THE current what's-wrong-with-the-American-family debate should lead to changes in how we respond to the needs of our children. The foster-care program, for example, is well on its way to becoming a substitute parent for children from broken families. Yet, foster care is neither an adequate substitute parent nor an effective advocate for the children caught in its web.
As early as the third grade, children who have lost their parents one way or another already have much against them: First, many are not adoptable due to legal Catch-22s. Second, many of these alienated youngsters are destined to strike out in life after spending the next decade in a foster-care system barely able to feed and clothe them.
Today, about 150,000 children aged 8 to 18 are drifting in this twilight zone. Denied the learning experiences normally received in a family setting, they will be ill-prepared for the day when they are cast into the real world.
What they need, and quickly, is a strong voice in Washington, a sense of belonging to small, community-level groups, and basic life-skills training.
In 1983 there were 275,000 young persons in the foster-care system. Now, there are 450,000 - about the population of Atlanta or Denver - and of these, only 7 percent will actually be adopted. There are two reasons for that:
First, a child is not eligible for adoption until legal ties to his or her biological parents are severed - something our rigid judicial system is very reluctant to do. Second, the foster-care program is not held accountable for finding permanent homes for its clients. In practice, the program is focused more on caring for the physical needs of its children than on aggressively placing them with adoptive parents.
Hillary Rodham Clinton's well-publicized ``politics of meaning'' speech given last April addressed the need to strengthen the American family. She seems determined to substitute human caring, concern, and love for regulations and bureaucracy in our human-services programs.
I wish her well, but the payoff is too distant. Older orphans already in foster care can't wait for the reinvention of the family. For them, time is running out. What can be done for these kids today?
A good place to start is the 1991 National Commission on Children's report. The commission, chaired by Sen. Jay Rockefeller (D) of West Virginia, provided in the study a blueprint for improving the foster-care system. In addition to that study, here are three practical steps that can be taken now:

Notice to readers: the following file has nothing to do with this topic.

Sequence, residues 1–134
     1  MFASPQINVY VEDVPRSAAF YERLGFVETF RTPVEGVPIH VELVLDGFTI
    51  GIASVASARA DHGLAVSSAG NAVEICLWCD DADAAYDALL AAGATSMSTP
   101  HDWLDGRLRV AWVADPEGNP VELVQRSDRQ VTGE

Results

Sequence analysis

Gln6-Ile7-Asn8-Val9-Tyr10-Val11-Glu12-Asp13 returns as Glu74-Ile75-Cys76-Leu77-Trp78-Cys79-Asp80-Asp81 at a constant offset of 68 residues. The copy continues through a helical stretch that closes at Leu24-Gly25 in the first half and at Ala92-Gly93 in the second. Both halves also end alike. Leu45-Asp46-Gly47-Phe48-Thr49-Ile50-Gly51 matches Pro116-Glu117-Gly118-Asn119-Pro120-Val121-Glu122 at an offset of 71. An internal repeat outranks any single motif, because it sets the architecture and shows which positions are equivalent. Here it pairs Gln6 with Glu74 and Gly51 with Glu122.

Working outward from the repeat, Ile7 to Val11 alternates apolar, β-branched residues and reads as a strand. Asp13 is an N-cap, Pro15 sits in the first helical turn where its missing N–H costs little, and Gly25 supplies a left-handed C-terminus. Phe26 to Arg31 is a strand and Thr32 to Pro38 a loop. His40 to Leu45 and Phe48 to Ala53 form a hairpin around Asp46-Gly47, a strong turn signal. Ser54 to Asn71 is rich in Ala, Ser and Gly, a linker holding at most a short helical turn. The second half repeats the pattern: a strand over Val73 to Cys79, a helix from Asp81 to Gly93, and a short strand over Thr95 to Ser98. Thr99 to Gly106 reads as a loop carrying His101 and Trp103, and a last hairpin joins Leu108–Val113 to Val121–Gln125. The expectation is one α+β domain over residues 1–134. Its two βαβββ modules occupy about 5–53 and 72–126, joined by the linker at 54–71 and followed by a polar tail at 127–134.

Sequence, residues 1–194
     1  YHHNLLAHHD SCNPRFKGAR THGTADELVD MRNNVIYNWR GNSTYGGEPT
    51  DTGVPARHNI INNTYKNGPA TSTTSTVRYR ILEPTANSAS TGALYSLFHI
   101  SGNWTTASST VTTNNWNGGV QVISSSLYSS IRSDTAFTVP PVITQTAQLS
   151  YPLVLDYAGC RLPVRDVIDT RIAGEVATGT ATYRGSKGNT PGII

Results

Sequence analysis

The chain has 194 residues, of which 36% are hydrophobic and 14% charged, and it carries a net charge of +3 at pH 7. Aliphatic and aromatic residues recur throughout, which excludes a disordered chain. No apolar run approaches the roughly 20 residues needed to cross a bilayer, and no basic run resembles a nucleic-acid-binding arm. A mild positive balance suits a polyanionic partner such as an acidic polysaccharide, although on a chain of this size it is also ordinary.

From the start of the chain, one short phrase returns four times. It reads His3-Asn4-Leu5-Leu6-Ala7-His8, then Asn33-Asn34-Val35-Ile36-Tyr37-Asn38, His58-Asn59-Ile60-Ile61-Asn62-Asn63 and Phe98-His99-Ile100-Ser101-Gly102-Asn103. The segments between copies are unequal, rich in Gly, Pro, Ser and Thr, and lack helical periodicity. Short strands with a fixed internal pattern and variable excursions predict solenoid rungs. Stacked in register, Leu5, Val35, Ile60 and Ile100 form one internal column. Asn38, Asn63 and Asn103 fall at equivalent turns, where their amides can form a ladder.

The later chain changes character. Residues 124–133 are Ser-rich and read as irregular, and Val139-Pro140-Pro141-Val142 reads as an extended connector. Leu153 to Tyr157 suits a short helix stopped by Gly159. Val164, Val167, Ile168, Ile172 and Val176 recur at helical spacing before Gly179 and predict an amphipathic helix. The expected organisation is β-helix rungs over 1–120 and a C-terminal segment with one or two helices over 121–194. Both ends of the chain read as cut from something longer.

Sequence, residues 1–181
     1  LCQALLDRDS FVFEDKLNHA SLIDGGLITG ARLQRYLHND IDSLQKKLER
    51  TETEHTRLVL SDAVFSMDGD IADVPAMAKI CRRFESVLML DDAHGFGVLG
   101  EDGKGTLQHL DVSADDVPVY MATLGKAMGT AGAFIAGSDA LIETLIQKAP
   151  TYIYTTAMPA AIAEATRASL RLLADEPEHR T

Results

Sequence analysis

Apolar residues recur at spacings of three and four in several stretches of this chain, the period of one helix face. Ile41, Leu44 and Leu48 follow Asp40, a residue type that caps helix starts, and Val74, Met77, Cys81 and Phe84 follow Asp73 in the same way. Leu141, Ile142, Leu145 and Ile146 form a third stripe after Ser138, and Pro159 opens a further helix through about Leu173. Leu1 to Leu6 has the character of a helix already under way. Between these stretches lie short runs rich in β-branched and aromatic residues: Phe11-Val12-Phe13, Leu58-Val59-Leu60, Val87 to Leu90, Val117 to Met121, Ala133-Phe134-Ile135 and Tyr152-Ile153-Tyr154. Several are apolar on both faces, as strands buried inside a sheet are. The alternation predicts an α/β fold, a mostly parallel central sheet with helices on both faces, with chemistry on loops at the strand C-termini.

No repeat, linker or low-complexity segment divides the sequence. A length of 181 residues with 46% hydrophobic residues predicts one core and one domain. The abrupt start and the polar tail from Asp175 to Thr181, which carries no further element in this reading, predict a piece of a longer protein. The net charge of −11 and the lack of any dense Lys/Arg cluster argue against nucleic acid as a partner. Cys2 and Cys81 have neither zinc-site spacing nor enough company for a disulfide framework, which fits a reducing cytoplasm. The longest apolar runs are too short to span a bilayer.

Give orphans a voice on Capitol Hill. On April 30, 1993 - less than a month after Mrs. Clinton's speech - the only organized body in Congress with ``children'' in its title, the Select Committee on Children, Youth, and Families, closed down. Shortly thereafter, Rep. Patricia Schroeder (D) of Colorado prefaced her call for the creation of a new children's committee with this observation: ``While there is a place in heaven for those who help children, there is apparently none in Congress.''
She is right. It makes no sense to spend $1 billion on another Seawolf submarine that the Pentagon says is not needed while denying 450,000 children an effective home on Capitol Hill.
Encourage nongovernmental initiatives. If older orphans feel alienated from family and community, their urge to belong to a small, intimate group remains strong. This is evident from the rise in teen gang membership. To counter this trend, local community and incorporated organizations have already stepped in and established a good track record. Many church-bred programs are creating a sense of community ties in orphan children by channeling their energy into sports, academics, and neighborhood good works. Federal and state programs and funding policies should support these private initiatives.
Focus on life skills. Since federal funding guidelines encourage state-run foster-care programs to emphasize short-term, crisis-management services, nongovernment players must concentrate on longer-range, skill-development programs. Youngsters leaving foster care ill-equipped for life on their own often end up homeless or permanently dependent on welfare services.
To be effective, life-skill training must be continuously offered. Career training cannot be a once-a-year event. These kids need daily exposure to the choices open to them. This awareness and goal-building process will then generate the desire to acquire the skills needed to be successful.
The foster-care system feeds, clothes, and shelters the older orphans but fails to take the next logical step - implementing a uniform, no-nonsense instructional program in basic life skills.
We can start preparing older orphans for life by putting into practice what we know will work. If we want these children to grow into responsible adults, we need to first become responsible adults toward them. The Opinion/Essay Page welcomes manuscripts. Authors of articles we accept will be notified by telephone. Authors of articles not accepted will be notified by postcard. Send manuscripts by mail to Opinions/Essays, One Norway Street, Boston, MA 02115, by fax to 617 -450-2317, or by Internet E-mail to OPED@RACHEL.CSPS.COM.